The foundation crew put up forms for our poured foundation walls on Tuesday, May 12. Leah and I walked up to look Tuesday evening. Standing inside the basement-to-be, Leah thought the house looked small, but that’s normal. In my experience, a house under construction goes through stages when it looks too small or too large before it finally looks like exactly the size it is.
Late Wednesday afternoon, after the building inspector gave his OK, the concrete was poured. When I walked up to the lot around 2:30, the crew said the first concrete truck was expected around three. The pump truck was already there, idling in the middle of what will one day be our basement.
Three came and went, as did four. A little after four pm, the crew boss arrived and said the first concrete truck had overheated and had to stop at the base of the mountain, and then, after cooling for a while, overheated again about halfway up.
Every hour the pump truck was in transit or on site, even while idle, costed around $135.
It was nearly 5 pm before the first concrete truck finally arrived. The crew didn’t waste any time getting started.
In case anyone is not familiar with how these things work, the concrete truck (with the blue stripe), dumps its mix into a hopper (right behind the “TAYLOR-MADE’ logo on the pump truck). A pump then sends the concrete up the long boom and out the heavy flexible hose the worker is holding over the form.
Concrete has to be agitated in these 10-foot-deep forms to make sure there are no voids. The crew used a electric, flexible, vibrating rod powered by a generator. The motor is on the end to the right, and the business end is on the left.
He dips it deep into the concrete and it does its thing.
I took some more documentary pictures, but I was ready to leave after about 45 more minutes. As long as I move, my back is fine, but if I stand around for any length of time, it starts to hurt. Standing for more than two hours was enough, so I told the crew boss I was going home. Besides, Leah had put beer in the freezer so we could have a really cold one, and I was ready for that.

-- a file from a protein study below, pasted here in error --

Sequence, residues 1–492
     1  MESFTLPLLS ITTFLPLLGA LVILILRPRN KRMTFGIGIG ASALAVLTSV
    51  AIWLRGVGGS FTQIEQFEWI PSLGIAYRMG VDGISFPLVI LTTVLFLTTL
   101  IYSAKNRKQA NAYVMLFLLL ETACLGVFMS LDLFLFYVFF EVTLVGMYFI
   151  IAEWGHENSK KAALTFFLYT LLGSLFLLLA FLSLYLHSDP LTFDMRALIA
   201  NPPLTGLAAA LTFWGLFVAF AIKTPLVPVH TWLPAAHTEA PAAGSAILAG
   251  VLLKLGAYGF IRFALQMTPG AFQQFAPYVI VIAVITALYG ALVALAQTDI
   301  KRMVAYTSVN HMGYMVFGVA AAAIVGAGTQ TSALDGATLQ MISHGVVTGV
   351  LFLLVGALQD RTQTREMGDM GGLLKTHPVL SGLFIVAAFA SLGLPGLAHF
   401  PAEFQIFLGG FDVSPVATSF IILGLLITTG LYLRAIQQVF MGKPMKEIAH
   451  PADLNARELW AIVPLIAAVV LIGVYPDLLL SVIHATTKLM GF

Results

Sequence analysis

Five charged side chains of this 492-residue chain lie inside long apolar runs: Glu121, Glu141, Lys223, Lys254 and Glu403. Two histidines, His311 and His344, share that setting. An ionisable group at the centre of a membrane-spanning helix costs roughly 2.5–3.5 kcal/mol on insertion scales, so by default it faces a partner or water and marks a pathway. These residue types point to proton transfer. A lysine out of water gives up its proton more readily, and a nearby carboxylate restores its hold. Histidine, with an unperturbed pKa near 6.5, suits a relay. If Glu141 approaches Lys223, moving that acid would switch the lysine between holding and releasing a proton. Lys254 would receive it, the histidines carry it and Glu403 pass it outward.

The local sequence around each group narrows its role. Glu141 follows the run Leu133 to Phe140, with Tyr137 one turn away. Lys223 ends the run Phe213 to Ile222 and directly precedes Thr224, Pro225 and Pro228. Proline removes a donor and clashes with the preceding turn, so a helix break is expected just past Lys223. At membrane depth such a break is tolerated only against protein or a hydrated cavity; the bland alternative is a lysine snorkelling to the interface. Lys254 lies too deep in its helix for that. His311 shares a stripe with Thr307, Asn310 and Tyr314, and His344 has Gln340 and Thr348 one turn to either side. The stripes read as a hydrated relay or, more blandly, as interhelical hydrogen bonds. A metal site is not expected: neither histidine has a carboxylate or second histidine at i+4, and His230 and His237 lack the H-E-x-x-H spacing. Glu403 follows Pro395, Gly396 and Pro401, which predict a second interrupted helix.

Here’s a shot as I left. The boom operator has the boom controls hanging at his waist so he can stand where he can see what’s going on.
Pump trucks are a life-saver for concrete pours. Without one, a concrete foundation like ours would be impractical for a typical homeowner.
The third of five trucks was waiting for me at the bottom of our driveway when I left. Leah and I were at home when we saw the last piece of equipment turn around at Wildlife Trail at around 6 pm.
The crew will come back Thursday (today) to remove the forms. Pretty soon after that, I hope, another crew will come to waterproof the foundation. Based on the estimate, the material alone would account for half the cost, and I’m not sure how easily I could get the right materials. So that’s one job I had intended to do, but won’t.
While I was waiting for the pour to start, an engineer from Georgia Power came by to talk about temporary power. I have to get someone to dig a trench for the underground service up to the temporary service post, and I have to get an electrician to get the inspection and provide some of the equipment. We’re setting the date for that around the end of the month, but I hope to get it done sooner.
Concurrent with that, I need to get a plumber to put in the drain pipe that goes below the basement slab and out to the septic system. That has to be done before the basement slab is poured, and the slab has to be poured before framing can start.
Framing is the biggest part of making a house under construction look like an actual house, so we’re looking forward to that.